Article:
Original Apple Watch, FitBit Wearables Could Possibly Face 10% Import Tariff in the US

Apple Watch Closeup

The original Apple Watch has become a casualty of the ongoing trade war between China and the United States. The list of items imported from China which will face a 10 percent import tariff includes the original Apple Watch along with wearables from FitBit, Bluetooth speakers, and more.

Smartphones and laptops will be exempt from this import tariff. All the devices in the list have been determined by the U.S. Customs and Border Patrol officials who have classified the above devices in the “data transmission machines” category which contains more than 6,000 codes.

Interestingly, the list includes the original Apple Watch for a 10 percent import tariff but exempts the Series 2 and Series 3 from it. As for FitBit, its older wearables like Charge, Charge HR, and Surge will attract a 10 percent import tariff, with its newer smartwatch, Versa, being exempted. Bluetooth speakers from Sonos which includes the Play 3, Play 5, and SUB speakers will also attract a 10 percent import tariff.

There’s no word from any of the companies if once the 10 percent import tariff becomes applicable, they will also raise their product prices or not.

Its unclear on what basis the U.S. customs department has decided on the list of items on which it will charge an import tariff. The list definitely does not make sense since it primarily includes older tech products which have been phased out or are on the verge of being phased out.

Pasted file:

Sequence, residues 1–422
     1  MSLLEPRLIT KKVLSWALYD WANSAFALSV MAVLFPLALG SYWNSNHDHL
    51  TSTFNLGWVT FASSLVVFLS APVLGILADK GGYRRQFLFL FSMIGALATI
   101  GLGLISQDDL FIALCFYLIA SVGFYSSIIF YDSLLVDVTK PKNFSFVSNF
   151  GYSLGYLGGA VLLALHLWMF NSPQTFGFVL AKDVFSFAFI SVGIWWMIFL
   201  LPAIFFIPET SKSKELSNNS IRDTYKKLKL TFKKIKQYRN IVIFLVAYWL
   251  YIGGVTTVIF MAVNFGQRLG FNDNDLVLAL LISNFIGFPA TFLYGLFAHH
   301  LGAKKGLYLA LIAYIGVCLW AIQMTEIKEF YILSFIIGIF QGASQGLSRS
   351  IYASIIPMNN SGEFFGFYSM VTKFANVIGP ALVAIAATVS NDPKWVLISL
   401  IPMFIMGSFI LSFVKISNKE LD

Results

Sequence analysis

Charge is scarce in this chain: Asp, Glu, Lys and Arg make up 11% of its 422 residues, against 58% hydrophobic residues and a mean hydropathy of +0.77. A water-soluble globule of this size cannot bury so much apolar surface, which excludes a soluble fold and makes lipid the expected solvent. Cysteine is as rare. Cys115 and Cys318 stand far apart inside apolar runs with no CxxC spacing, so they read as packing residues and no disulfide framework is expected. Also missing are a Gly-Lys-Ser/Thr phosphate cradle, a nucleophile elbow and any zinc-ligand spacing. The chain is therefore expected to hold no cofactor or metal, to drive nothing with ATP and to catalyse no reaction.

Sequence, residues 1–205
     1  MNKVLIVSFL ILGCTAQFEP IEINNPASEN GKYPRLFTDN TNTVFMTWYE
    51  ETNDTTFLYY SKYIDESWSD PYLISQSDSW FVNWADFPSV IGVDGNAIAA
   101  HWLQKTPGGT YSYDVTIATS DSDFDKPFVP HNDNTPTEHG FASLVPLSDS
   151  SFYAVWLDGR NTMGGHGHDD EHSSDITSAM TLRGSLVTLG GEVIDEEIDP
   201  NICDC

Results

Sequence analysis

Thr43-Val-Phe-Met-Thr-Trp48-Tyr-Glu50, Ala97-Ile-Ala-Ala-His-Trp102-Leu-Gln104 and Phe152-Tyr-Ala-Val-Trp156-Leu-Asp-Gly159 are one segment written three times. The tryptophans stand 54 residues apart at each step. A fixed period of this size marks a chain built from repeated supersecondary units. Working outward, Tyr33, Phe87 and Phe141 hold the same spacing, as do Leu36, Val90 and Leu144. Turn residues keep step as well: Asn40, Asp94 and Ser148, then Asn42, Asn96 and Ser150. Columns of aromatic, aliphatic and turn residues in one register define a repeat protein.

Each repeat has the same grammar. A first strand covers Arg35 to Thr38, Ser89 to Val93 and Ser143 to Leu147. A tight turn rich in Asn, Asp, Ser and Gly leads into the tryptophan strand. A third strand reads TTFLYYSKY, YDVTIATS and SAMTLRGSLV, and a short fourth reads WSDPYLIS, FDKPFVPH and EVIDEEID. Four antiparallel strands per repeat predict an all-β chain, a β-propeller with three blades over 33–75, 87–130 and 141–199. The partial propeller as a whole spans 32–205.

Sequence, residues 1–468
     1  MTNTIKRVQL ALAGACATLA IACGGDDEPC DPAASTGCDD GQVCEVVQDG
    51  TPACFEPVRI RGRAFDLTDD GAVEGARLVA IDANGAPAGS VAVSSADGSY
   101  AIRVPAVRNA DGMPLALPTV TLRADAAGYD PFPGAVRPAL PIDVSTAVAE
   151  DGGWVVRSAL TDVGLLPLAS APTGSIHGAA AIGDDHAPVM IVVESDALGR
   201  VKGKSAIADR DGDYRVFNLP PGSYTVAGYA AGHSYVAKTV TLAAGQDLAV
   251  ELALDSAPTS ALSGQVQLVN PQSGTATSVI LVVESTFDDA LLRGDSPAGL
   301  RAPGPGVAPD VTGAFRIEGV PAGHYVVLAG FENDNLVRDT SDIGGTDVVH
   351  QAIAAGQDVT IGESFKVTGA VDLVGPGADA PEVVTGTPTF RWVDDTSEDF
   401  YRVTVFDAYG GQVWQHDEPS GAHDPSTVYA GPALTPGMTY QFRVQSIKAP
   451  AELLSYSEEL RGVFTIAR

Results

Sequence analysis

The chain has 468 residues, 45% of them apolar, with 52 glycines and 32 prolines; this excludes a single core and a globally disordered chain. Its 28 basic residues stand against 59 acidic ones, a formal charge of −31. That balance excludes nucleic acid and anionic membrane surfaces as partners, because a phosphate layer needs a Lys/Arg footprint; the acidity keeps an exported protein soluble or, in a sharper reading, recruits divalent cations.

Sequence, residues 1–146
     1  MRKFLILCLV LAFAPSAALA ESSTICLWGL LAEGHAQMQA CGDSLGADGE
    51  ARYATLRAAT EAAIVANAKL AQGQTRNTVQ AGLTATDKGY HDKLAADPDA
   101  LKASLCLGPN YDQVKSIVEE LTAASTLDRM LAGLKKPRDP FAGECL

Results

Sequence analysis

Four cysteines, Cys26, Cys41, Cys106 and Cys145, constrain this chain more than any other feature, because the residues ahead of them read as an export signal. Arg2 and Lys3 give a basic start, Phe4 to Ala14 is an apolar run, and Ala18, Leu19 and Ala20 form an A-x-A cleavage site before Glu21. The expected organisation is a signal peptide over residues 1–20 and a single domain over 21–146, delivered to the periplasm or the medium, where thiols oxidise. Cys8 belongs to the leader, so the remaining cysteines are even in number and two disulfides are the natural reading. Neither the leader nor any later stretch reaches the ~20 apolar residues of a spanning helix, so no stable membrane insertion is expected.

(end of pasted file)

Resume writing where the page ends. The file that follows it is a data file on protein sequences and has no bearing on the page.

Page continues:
It is possible that the products from Apple, Fitbit and Sonos no longer fall under tariff codes in the $200 billion list, trade experts said. The codes applied to specific products are only public knowledge because their makers asked regulators to rule on their proper classification. And some of the products have been replaced by newer models that could be classified differently.

But if companies have products whose tariff codes are on the list, they have three options, experts said: Advocate to get the code dropped from the list during the public comment period, apply for an exclusion once tariffs go into effect, or try to have their products classified under a different code not on the list.

U.S. President Donald Trump has already reassured Tim Cook that iPhones will be exempted from the trade war between China and the United States. But it looks like the U.S. government might just end up slapping an import tariff on other Apple products.

[Via Reuters]